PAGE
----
If the opt-out payment is not added to Smith’s cost for self-only coverage, and employer coverage includes dependent coverage, Smith’s employer could use Code 1A for line 14 of Form 1095-C. Assuming the employer offers coverage to 95 percent or more of its full-time employees for every month of the year, the employer could not be liable for a penalty if Smith were to waive coverage and enroll in subsidized marketplace coverage.

Under Notice 2015-87, the opt-out payment would be added to Smith’s cost for self-only coverage, and Smith’s employer would then use Code 1E for line 14 of Form 1095-C. Whether the employer would be subject to the so-called “B” penalty if Smith were to waive coverage and enroll in subsidized marketplace coverage would depend on whether the cost of coverage—$192 per month, $2,304 annually in this example—exceeds 9.5 percent (as adjusted) of Smith wages.

Future Guidance

The IRS intends to propose regulations reflecting its opt-out payment position and requesting comments on the treatment of employer offers of opt-out payments. The proposed regulations are expected to address and request comments on the treatment of opt-out payments that are conditioned not only on the employee declining employer-sponsored coverage, but also on satisfaction of additional conditions (such as the employee providing proof of having coverage provided by a spouse’s employer or other coverage).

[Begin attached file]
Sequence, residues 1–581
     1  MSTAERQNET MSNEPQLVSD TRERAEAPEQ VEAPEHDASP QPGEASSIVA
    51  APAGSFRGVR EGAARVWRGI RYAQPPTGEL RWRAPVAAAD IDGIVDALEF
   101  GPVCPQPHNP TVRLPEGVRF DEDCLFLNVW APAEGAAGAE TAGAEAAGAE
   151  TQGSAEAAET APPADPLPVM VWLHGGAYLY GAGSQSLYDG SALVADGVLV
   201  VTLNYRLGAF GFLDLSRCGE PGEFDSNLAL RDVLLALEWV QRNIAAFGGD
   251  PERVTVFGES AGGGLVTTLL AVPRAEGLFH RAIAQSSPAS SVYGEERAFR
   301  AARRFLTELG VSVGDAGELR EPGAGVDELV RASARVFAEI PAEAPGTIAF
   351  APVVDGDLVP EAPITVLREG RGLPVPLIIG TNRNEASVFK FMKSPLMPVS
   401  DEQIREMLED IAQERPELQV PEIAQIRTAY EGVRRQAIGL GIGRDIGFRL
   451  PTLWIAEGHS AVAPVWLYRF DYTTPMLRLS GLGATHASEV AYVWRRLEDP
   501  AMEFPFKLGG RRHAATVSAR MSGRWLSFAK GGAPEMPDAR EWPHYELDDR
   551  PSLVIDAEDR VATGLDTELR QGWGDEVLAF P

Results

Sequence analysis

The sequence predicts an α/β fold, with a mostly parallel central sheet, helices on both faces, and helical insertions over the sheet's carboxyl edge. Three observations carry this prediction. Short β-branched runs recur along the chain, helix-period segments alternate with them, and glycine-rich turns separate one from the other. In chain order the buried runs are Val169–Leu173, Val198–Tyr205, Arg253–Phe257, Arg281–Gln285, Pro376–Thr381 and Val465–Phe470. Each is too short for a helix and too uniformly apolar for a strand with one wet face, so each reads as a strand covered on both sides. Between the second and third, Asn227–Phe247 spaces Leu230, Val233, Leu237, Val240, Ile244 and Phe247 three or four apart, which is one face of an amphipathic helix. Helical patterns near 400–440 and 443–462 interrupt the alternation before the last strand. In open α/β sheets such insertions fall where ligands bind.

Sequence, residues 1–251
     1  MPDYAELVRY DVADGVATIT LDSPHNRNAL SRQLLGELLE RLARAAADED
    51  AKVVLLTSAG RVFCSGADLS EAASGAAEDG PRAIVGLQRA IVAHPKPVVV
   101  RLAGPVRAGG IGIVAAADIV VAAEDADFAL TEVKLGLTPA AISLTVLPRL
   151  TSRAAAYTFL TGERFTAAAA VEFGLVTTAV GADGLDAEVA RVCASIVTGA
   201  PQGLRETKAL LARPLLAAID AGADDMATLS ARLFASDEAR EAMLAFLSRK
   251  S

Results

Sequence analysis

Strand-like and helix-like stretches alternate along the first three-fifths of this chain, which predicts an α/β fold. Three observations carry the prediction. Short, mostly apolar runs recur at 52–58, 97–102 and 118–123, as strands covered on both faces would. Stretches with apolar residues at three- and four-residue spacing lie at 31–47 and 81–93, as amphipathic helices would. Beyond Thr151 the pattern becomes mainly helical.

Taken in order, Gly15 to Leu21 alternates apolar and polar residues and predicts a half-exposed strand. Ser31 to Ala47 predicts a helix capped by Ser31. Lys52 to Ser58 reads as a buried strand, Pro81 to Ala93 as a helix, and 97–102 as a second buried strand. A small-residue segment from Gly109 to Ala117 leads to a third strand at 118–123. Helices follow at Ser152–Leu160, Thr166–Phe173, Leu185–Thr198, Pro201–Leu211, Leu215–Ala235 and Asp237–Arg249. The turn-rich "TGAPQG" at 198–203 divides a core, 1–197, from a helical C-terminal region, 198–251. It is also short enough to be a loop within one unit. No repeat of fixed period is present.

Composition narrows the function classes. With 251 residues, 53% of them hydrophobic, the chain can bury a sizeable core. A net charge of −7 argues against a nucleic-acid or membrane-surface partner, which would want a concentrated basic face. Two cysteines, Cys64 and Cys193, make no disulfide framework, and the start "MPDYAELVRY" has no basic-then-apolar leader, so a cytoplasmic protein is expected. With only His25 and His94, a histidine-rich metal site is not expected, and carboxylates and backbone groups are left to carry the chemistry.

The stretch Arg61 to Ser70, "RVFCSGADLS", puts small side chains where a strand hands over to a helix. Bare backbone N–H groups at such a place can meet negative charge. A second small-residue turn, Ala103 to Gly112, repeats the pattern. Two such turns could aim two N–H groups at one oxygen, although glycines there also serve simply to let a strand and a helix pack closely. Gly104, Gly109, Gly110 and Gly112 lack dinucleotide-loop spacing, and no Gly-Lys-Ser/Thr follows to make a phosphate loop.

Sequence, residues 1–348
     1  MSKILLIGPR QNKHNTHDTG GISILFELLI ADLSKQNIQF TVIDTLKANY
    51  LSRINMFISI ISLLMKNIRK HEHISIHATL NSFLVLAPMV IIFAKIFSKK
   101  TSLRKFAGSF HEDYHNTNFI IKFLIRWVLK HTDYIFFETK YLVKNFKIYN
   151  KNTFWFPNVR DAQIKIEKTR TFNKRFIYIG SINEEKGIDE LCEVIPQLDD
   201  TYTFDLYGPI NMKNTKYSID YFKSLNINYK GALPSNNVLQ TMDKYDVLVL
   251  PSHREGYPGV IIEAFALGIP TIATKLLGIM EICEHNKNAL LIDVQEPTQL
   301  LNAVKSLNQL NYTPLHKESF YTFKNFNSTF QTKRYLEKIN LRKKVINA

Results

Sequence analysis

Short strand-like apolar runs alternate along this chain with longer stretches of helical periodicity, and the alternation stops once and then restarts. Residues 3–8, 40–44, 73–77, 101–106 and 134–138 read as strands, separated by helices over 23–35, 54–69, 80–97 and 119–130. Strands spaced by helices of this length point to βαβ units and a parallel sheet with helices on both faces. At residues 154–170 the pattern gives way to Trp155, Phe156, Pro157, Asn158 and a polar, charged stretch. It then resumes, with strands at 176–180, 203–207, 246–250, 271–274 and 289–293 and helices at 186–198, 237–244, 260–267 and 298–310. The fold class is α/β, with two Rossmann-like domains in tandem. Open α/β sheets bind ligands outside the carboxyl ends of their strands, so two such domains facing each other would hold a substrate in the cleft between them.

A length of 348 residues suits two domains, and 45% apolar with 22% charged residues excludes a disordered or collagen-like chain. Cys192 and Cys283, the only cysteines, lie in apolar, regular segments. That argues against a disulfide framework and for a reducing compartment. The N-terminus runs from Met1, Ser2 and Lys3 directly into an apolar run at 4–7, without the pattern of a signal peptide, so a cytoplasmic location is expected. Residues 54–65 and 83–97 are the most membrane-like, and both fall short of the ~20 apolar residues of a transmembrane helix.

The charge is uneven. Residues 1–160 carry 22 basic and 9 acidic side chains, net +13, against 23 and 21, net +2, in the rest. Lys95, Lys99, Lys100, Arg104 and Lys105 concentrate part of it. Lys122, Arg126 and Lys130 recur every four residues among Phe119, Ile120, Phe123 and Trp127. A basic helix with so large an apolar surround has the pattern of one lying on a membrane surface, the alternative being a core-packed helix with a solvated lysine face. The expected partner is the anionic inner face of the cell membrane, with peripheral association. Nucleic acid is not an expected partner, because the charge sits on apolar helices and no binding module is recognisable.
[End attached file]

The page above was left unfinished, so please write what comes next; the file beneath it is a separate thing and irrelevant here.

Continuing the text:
Effective Dates

The effective date of the IRS position depends on when the opt-out arrangement was adopted:

  • With respect to arrangements adopted after December 16, 2015 (“non-relief-eligible opt-out arrangements”), the IRS anticipates that the regulations will require employers to include an unconditional opt-out payment as part of the employee’s required contribution for ACA reporting purposes and will treat such payments as increasing an employee’s contribution for play-or-pay penalty purposes.